Riverside, California 2021-07-16 19:14:48 –
West Nile virus was detected in a pool of Corpus Christi mosquitoes.
Corpus Christi Vector Control detected the virus in a pool of mosquitoes collected at 400 blocks on Bartlett Street.
The unit has approximately 40 traps throughout Corpus Christi in breeding areas such as the coast, North Padre Island, Flour Bluff, the Nueces River, North Beach and South Side.
City officials were notified of a positive test by the State Health Department on Wednesday. No human cases have been reported in Nueces County, city officials said in a statement Thursday.
West Nile fever is a viral disease that spreads to people by being bitten by infected mosquitoes.
In 2020, the health services department reported that one person in Nueces County was infected with the virus. This was the last time a human case was reported in the county.
People infected with West Nile virus may experience fever, headaches, body pain, sometimes a rash on the skin of the trunk, and swollen lymph nodes. Serious symptoms of West Nile virus infection can affect the spinal cord of the brain.
The response of Christi Vector Control is as follows:
- Spray 3 nights with a radius of 0.5 miles around the detection area. Wednesday night was the first spray.
- Code enforcement, vector management, and neighborhood service personnel look for water in the affected neighborhood, including inspection of abandoned assets.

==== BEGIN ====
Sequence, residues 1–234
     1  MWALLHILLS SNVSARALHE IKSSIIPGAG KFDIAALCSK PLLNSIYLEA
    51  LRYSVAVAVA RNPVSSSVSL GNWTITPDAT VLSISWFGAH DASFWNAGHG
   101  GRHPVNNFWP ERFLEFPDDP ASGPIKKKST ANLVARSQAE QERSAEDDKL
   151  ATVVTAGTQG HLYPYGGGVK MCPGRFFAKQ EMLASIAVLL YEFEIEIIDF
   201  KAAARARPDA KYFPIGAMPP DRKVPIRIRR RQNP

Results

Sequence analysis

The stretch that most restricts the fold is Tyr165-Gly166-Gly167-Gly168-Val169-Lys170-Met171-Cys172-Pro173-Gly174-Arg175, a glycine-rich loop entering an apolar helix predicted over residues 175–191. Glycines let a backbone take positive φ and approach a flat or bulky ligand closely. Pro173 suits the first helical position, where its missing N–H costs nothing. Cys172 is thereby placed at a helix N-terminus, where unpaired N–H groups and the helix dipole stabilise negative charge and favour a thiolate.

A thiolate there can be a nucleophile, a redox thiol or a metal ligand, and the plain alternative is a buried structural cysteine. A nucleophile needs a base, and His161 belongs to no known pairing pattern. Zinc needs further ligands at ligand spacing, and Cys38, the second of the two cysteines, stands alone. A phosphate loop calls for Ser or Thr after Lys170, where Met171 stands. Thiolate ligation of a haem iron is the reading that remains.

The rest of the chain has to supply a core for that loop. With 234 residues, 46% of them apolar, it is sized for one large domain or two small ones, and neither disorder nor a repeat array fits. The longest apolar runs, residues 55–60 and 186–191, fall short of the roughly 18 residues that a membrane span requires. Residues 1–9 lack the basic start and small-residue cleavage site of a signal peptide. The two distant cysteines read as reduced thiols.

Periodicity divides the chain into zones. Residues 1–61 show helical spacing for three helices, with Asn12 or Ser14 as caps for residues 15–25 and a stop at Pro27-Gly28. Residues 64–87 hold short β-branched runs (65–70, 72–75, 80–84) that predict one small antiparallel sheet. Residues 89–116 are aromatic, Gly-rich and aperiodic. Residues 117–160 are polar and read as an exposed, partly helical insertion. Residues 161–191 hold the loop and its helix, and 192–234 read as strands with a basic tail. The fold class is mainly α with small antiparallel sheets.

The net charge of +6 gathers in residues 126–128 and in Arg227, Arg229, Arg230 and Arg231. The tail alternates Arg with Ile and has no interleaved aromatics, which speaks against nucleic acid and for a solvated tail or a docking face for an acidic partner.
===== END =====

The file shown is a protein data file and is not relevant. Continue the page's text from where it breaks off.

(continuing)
- Vector Control continues to monitor mosquito traps in the area for signs of West Nile virus-borne Culex pipiens and Tarsaris mosquito species.
Here’s how to protect yourself.
- Use insect repellent containing DEET.
- Wear long sleeves and trousers when you are outside.
- Mosquitoes are most active at dawn, daytime, and dusk. Avoid going out during these times to prevent bites.
- Regularly drain standing water, such as empty cans, tires, buckets, clogged gutters, and water that collects in the saucer under the potted plant. Mosquitoes breed in stagnant water.
- Mow tall grass and shrubs.
- Talk to your doctor if you feel sick after being bitten.
The Centers for Disease Control and Prevention recommends emptying, scrubbing, flipping, covering, or throwing away water-retaining items once a week.
Authorities also recommend covering water containers tightly, filling holes in wood, and repairing cracks and crevices in septic tanks, vents, or plumbing pipes to prevent mosquitoes from laying eggs inside. I will.
Joel Skidmore, Program Manager for Corpus Christi Animal Care Services, said: “This does not mean that another positive sample may not be available, but we are taking positive steps to alleviate our health concerns.
Call 361-826-2489 to report abandoned property, high grass, or standing water.
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West Nile Virus detected in a Corpus Christi mosquito pool. Source link West Nile Virus detected in a Corpus Christi mosquito pool.